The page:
We hear very frequent and justified critical comments on life in cities—their inhuman scale, the traffic congestion, the air pollution, the overcrowding, etc.—all adding up to a serious case against the city and a civic way of life. By contrast, we are presented with the better living conditions in the suburbs and more rural areas.
Reacting to these conditions, the last generation of planners has tried to solve the problems posed by the city by turning their backs on what we can call the city proper. There has been much more suburbanism than urbanism. All means have been devised to get away from the city as an undesirable place to live in, bad for children and bad for grown-ups—the children get run over, the grown-ups get drunk. [It’s] a place you should leave as soon as you finish your day’s work—get out of it as fast and as far as you can.
As a result of these trends in city planning, and the previous failure of both planners and architects of academic “beaux arts” background to consider the altered conditions of our lives due to the radical changes brought to our cities by the industrial revolution, civic architecture declined and civic design has been practically forgotten.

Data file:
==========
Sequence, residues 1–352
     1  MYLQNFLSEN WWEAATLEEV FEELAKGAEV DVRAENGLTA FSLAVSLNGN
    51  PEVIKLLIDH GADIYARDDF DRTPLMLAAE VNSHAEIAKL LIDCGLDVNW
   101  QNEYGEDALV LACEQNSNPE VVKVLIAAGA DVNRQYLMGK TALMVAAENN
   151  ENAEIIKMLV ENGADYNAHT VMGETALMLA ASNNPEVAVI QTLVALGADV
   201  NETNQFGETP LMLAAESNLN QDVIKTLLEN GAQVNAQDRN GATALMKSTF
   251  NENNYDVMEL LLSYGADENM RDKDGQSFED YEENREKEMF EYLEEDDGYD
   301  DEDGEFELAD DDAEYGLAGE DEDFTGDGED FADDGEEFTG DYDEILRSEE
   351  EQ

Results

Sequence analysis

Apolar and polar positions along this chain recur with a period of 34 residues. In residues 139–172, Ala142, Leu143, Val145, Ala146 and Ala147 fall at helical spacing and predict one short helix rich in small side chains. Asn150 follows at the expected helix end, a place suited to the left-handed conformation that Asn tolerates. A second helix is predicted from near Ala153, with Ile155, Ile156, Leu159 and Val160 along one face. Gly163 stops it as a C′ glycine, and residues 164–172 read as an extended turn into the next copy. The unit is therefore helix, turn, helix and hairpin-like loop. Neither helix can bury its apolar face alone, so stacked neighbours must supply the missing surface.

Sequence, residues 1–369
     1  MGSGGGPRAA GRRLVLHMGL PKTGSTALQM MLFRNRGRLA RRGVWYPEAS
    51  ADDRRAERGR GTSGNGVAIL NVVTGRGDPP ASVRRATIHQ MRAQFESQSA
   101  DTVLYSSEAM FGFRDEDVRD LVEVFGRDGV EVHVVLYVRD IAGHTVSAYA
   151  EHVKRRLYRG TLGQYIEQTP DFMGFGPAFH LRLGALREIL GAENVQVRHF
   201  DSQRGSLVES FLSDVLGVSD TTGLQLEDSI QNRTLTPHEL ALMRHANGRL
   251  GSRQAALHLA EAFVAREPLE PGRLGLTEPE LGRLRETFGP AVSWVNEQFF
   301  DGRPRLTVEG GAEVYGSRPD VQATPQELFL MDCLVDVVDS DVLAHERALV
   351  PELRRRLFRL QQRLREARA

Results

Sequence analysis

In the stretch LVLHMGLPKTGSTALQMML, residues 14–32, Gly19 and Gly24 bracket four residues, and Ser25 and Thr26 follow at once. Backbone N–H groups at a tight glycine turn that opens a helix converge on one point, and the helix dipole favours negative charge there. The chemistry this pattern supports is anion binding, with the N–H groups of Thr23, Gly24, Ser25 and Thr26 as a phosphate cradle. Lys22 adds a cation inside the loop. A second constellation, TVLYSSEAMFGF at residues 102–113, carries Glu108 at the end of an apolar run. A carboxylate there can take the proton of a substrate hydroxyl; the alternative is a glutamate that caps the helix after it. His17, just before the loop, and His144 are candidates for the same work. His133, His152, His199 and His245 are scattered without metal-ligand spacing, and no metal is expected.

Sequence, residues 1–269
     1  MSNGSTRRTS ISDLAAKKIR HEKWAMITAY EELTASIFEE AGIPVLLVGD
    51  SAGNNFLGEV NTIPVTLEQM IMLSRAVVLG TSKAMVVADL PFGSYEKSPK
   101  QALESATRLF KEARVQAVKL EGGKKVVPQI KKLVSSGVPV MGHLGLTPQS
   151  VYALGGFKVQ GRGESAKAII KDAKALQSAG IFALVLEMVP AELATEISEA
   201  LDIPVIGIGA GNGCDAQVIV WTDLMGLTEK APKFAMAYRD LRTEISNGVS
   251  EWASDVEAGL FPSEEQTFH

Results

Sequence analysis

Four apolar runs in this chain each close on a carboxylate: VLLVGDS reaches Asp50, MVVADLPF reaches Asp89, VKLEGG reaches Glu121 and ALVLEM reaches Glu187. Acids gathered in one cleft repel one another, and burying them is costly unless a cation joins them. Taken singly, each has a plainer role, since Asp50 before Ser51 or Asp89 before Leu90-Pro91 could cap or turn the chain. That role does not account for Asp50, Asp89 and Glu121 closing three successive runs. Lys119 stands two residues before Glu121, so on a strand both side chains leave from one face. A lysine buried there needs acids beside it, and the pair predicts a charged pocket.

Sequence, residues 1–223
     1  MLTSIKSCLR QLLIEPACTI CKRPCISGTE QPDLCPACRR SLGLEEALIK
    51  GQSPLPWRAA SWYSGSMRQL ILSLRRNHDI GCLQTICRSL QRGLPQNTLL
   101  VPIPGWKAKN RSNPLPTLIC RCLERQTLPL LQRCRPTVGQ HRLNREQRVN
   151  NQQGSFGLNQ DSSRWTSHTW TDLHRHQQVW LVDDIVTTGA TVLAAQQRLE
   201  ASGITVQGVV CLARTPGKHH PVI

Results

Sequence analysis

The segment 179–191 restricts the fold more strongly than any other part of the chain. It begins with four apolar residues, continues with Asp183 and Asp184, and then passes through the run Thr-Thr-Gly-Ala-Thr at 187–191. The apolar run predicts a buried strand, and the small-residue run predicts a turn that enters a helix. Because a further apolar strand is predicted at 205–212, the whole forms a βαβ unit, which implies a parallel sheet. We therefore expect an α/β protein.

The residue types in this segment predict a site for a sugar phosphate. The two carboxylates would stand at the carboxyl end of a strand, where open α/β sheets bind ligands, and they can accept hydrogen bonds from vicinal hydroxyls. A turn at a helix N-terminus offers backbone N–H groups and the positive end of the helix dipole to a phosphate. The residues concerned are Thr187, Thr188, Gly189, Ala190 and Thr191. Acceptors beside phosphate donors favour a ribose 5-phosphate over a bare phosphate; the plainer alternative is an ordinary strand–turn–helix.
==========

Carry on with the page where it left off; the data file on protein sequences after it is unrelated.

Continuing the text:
Figures indicate that a great number of cities in this country have now reached maturity. The explosive growth period seems to have given place to more normal, slower growth; the attitude of the people toward their cities has changed lately. They have become conscious that bigger does not necessarily mean better, that it takes more than size and population to make a beautiful city. It is time to pause and reflect.
One of the greatest challenges for architects is the carrying out of the large civic complexes: the integration of city planning, architecture, and landscape architecture, the building of a complete environment. This is a vast and ambitious task.
We should be aware of that fact and of all the barriers and limitations that lie in between—such as inflated land values, great vested interests, etc. But, on the other hand, it is increasingly evident that, as conditions in central areas of cities become worse, these same vested interests will eventually recognize that drastic changes will result in benefits to the city as a whole and will help to stabilize and protect land values. The moment to plan has come.